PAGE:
Note: Sign Up To Attend Here.
A forum at the Colorado History museum on Thursday, December 15, 2016, will bring together elected officials, academics, students and Coloradans employed in the state’s energy industry to share their reasons for why fossil fuel divestment is bad choice for the University of Denver (DU) and other Colorado intuitions of higher learning.
Hosted by Divestment Facts, a project of the Independent Petroleum Association of America (IPAA), the forum comes ahead of a forthcoming announcement by a subcommittee of the University of Denver Board of Trustees on their recommendation as to whether the Board should divest the schools endowment from investments tied to oil, natural gas or coal.
Confirmed speakers at the event include:
The DU subcommittee has hosted a series of hearings over the course of the last year at the behest of calls from Divest DU. And while the group, a campus arm of 350.org, claims to be a student-led movement, the hearings have revealed the extent to which the campaign is being driven by of out-of-state activists who are using the hearings as an opportunity to advance their campaign to drive energy development out of the state.
Yet earlier this summer, when the opportunity arose for the state’s energy workers to address the task force, twenty five of the state’s energy workers and industry supporters attended the hearing in a sharp contrast to previous presentations from out-of-state activists supporting divestment.
The task force also heard from Simon Lomax with Divestment Facts, whose hour-long presentation offered a look at the real costs of divestment for universities, the growing list of failures of 350.org’s anti-fossil fuel campaign, and the critical role of the energy sector in Colorado’s economy. Lomax informed the task force about the divestment campaign’s singular focus on demonizing energy companies and energy workers, as well as the involvement of 350.org in a series of anti-fracking ballot measures that have been met with broad, bipartisan opposition in Colorado. Lomax also showed the task force that even climate advocates – such as Robert Stavins of Harvard and Roger Pielke Jr. of the University of Colorado – have sharply criticized the divestment campaign and the tactics of 350.org.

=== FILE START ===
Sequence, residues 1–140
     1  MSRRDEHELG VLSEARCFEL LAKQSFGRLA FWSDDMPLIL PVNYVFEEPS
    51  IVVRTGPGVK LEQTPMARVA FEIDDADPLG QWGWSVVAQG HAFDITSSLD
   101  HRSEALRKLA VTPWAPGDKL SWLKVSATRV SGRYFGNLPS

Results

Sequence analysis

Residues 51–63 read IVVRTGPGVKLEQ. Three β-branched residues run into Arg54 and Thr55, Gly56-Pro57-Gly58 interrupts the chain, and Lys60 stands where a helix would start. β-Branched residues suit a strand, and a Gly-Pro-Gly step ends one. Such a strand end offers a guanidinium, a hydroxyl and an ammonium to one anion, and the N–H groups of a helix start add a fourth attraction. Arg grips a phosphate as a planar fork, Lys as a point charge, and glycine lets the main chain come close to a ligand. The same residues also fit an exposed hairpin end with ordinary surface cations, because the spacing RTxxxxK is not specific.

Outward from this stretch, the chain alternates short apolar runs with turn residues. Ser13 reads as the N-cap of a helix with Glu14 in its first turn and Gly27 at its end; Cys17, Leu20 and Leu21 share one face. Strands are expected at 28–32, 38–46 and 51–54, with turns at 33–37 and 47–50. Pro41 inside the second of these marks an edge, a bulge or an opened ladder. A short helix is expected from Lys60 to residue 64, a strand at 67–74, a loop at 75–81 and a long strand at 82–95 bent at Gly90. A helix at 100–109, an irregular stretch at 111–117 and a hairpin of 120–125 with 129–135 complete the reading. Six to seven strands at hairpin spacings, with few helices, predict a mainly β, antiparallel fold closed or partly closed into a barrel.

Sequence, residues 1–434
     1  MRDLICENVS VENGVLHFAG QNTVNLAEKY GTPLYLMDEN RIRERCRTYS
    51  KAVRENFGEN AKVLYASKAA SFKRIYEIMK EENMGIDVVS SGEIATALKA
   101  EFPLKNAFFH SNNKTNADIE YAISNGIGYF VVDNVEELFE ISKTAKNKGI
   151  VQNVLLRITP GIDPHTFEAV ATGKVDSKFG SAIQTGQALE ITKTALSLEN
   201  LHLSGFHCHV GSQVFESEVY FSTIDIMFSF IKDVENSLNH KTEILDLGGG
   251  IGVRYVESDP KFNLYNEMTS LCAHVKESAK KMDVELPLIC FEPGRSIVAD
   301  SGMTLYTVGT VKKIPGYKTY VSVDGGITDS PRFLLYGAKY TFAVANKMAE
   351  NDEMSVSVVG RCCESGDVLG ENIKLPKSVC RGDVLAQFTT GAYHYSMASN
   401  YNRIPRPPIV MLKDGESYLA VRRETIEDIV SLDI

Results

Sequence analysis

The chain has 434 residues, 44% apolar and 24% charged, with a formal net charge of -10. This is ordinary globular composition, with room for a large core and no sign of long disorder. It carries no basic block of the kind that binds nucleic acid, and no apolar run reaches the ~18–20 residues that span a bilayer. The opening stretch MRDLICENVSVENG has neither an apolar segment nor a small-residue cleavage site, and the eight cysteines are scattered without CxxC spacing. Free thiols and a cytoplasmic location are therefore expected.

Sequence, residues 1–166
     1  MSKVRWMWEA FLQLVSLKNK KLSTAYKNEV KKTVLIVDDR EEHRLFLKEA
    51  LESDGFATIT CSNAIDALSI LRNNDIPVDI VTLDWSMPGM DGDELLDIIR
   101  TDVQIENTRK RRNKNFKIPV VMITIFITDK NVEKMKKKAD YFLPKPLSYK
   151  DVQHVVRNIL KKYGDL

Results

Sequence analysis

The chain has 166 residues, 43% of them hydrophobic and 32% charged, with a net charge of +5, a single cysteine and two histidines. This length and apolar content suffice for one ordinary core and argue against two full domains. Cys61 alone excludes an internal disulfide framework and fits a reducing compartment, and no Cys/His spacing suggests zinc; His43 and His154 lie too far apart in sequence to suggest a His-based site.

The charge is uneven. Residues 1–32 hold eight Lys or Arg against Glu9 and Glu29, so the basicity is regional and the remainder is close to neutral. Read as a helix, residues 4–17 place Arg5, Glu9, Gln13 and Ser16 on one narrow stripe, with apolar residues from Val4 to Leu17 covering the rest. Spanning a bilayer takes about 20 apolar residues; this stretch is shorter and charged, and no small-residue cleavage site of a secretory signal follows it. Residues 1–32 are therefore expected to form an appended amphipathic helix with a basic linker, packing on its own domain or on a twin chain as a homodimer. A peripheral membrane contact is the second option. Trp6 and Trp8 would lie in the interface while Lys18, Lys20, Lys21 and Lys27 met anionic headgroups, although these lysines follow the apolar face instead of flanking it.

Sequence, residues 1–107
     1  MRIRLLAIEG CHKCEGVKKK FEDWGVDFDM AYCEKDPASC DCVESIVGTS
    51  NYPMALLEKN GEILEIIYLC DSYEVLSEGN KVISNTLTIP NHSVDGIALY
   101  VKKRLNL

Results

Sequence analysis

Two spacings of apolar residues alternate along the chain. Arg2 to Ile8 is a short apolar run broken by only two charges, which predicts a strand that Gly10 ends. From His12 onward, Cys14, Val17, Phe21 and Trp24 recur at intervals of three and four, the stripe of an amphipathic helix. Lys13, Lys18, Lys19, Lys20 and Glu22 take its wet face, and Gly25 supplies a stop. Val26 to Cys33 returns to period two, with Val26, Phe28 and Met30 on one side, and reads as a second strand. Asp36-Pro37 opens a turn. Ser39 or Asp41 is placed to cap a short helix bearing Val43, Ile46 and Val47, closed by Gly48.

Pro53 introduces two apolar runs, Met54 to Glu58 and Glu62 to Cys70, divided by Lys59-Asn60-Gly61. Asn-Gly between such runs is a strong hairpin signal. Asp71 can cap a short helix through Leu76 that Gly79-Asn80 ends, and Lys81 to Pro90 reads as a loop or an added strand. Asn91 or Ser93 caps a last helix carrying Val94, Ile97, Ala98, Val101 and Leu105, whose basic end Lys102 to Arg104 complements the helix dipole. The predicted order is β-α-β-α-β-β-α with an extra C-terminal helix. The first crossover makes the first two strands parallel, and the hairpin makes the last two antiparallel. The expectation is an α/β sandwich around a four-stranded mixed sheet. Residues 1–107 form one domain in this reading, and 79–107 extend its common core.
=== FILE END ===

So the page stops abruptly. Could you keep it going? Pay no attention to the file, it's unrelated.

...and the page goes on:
Now, with a decision from the school expected sometime in early 2017, the state’s energy industry and supporters are coming together again to discuss in even greater detail how divestment is the wrong move for DU. An article in the Denver Business Journal yesterday provides more background on the event:
After months of studying the issue, the University of Denver’s board of trustees in January is expected to take up the question of whether the private university should rid its $607 million endowment of fossil-fuel stocks. The DU board, which has 28 voting members, earlier this year set up a three-person task force which held seven hearings between July and October. The task forces’s report is expected to be delivered to the board at its January meeting, which hasn’t been scheduled yet, according to a university spokeswoman.
…Students at universities across the country, including the University of Colorado and Colorado College, have urged academic institutions to divest from fossil fuel stocks out of concerns over climate change. CU regents rejected the request in April 2015 after months of study. At the time, CU had about $2.7 billion in its endowment, of which 3 percent to 4 percent was invested in fossil fuel stocks. Colorado College officials said in 2013 that the private college in Colorado Springs would not divest from the sector. Boulder’s Naropa University in 2013 went the other direction, announcing that the small school had“fully divested” from companies identified by 350.org, one of the main groups backing the divestment push, as having the highest potential greenhouse gas emissions.
…Matt Dempsey, a Denver-based spokesman for the Independent Petroleum Association of America’s “Divestment Facts” project, called divestment efforts “a moral campaign that comes with a hefty price tag” due to the cost of untangling fossil fuel-related stocks from large endowments. Such endowments are usually invested in funds that include a wide range of individual stocks. “So to divest, you have to sell a greater portion of your investment and then buy back individual stocks, and there are fees associated with that become very high,” Dempsey said. Dempsey also noted that even if a school divests from a stock, that means someone else has bought the stocks.“It doesn’t hurt the company,” he said. “This is about trying to demonize the industry and in doing so demonizing everyone in that community: oil and gas workers, or coal workers,” Dempsey said. According to Divestment Facts’ Sept. 1 presentation to the DU task force, about 75 U.S. universities have taking a look at divesting their portfolios, which collectively represent investments of about $265 billion. Of those, universities with endowments of about $233 billion have rejected the requests, according to Divestment Facts. Universities collectively holding about $2 billion worth of investments have agreed to divest from fossil fuels, and other universities, representing investments of about $29.4 billion, have agreed to partially divest, according to Divestment Facts.
The event will take place this Thursday, Dec. 15 in the MDC/Richmond Terrace Room (4th floor) of the Colorado History Center. The event will run from 1:30 PM – 3:00 PM MST and is free and open to the public. Please click here to sign up to attend.